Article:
Stephen Cecchetti and Kim Schoenholtz document the stubbornly high cost of remittances, and look at avenues for cost reduction. Today, remittance flows are triple what they were in 2000 and five times what they were in 1990. Furthermore, the economic importance of inward remittances has increased for low- and middle-income countries, rising from an average of 1.2% of GDP in 1990 to 1.6% of GDP today. However, costs have trended lower only gradually, and with

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The debate on euro-area reform

April 16, 2018

A paper jointly written by 14 French and German economists set off a debate about the reform of euro-area macroeconomic governance. We review economists’ opinions about it.

A group of 14 French and German economists proposes six reforms which, if delivered as a package, would improve the euro area’s financial stability, political cohesion, and potential for delivering prosperity to its citizens – all while addressing the priorities and concerns of participating countries.
First, these economists would break the vicious circle between banks and sovereigns through the coordinated introduction of sovereign concentration charges for banks and a common deposit insurance Second, they would replace the current system of fiscal rules focused on the ‘structural deficit’ by a simple

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Latvia’s money laundering scandal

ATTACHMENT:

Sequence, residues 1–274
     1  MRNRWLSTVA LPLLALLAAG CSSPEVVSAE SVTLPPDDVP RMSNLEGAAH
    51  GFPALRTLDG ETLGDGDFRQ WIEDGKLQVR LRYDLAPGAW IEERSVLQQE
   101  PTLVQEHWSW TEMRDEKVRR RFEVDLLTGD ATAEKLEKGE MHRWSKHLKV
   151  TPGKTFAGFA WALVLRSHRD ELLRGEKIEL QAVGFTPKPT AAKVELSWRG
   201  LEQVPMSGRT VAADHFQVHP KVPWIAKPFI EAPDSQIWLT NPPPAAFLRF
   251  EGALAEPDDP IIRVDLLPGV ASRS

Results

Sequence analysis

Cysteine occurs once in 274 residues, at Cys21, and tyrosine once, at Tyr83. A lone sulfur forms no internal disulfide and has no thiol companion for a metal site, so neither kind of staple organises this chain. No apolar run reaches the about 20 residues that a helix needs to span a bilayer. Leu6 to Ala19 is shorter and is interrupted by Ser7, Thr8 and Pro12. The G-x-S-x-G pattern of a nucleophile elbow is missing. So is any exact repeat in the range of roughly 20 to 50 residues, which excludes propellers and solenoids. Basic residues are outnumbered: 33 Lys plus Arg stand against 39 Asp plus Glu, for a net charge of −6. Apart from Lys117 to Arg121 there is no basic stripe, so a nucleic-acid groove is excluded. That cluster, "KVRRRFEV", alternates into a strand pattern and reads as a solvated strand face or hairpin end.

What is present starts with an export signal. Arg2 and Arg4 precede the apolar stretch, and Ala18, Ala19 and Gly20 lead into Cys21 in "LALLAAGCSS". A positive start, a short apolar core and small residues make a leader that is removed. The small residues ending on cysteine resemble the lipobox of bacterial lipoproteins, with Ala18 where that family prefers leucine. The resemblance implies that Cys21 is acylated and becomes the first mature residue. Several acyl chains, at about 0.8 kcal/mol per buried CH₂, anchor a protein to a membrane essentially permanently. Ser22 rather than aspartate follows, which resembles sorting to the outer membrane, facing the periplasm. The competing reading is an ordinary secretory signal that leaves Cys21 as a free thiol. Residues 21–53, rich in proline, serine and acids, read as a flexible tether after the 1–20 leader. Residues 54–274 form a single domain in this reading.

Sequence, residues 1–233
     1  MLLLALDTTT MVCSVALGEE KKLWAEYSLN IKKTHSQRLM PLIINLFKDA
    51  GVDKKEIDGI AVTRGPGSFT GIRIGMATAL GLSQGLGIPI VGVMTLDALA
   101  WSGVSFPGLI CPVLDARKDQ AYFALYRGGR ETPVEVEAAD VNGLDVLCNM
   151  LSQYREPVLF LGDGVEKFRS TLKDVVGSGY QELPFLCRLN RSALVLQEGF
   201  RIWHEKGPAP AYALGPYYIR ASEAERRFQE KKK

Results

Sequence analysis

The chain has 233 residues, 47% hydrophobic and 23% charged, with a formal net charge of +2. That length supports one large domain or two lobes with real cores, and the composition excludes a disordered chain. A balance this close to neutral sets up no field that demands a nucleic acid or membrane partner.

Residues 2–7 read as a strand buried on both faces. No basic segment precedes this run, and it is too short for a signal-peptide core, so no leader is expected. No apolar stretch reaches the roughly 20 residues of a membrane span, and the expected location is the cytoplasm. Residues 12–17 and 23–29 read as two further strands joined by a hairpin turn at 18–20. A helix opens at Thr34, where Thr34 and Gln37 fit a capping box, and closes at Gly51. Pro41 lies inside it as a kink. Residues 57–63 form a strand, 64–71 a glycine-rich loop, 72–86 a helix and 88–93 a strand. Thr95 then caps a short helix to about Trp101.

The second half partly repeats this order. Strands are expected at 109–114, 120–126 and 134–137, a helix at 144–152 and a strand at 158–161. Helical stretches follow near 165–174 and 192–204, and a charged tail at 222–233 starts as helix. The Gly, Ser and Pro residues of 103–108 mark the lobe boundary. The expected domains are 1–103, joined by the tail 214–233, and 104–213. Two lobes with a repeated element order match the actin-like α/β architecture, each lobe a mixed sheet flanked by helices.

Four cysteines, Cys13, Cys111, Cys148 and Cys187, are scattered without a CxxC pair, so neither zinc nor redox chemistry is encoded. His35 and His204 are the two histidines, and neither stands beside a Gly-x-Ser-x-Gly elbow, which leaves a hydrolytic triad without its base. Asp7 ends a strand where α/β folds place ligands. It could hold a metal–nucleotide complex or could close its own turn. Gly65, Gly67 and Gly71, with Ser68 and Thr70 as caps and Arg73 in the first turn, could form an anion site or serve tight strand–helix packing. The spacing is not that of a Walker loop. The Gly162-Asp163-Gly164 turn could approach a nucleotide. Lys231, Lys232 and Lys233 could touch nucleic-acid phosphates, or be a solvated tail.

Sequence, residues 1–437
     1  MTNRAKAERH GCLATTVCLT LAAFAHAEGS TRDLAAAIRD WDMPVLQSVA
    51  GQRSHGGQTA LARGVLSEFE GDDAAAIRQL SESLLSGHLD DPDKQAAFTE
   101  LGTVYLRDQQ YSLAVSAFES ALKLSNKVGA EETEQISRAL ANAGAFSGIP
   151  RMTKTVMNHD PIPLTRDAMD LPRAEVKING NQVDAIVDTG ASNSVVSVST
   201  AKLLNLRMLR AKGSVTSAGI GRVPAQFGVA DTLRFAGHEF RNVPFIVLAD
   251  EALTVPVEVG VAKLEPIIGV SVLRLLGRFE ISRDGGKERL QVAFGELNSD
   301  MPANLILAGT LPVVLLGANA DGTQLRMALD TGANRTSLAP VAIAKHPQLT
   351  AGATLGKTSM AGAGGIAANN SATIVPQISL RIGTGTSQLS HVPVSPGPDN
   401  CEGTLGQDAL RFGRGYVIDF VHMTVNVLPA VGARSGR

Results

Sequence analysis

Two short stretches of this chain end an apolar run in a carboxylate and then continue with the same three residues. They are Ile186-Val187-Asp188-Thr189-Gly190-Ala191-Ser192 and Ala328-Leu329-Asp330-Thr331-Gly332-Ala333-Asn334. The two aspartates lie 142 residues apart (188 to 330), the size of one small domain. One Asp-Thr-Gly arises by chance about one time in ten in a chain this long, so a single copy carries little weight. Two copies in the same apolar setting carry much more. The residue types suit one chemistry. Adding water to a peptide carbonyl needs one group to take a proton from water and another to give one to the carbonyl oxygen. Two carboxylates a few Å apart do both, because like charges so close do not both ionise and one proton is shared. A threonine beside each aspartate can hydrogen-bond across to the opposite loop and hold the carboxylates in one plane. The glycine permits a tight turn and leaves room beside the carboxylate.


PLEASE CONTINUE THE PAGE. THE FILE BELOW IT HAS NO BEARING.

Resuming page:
April 9, 2018

Latvia’s third largest bank ABLV sought emergency liquidity from the ECB and eventually voted to start a process of voluntary liquidation, after being accused by US authorities of large-scale money laundering and having failed to produce a survival plan. What does it mean for the ECB?

The US Treasury Department’s Financial Crimes Enforcement Network said on February 13th 2018 that it was seeking restrictions on ABLV bank, on suspicion of involvement in money laundering and helping clients violate United Nations sanctions on North Korea. Separately, central bank chief Ilmars Rimsevics was detained on Saturday on suspicion that he solicited a bribe. Shaun Richards has a good summary of the events, with relevant news quotes that you may want to read. This Reuters summary is also very

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Milton Friedman’s ” The role of monetary policy” – 50 years later

April 3, 2018

In March 1968, Milton Friedman’s “The Role of Monetary Policy” – after his famous presidential address to the American Economic Association – was published in the American Economic Review. 50 years later, economists reflect on this famous work.

Gregory Mankiw and Ricardo Reis stress that expectations, the long run, the Phillips curve, and the potential and limits of monetary policy all continue to be actively researched. In the near future, the meagre economic growth since the 2008–2009 recession may lead to a reexamination of Friedman’s natural-rate hypothesis. At this point, the simplest explanation is that this stagnation is due to a slowdown in productivity unrelated to the business cycle. Alternatively, however, it might contradict Friedman’s classical view of the long run,

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The Brexit Transition Deal

March 26, 2018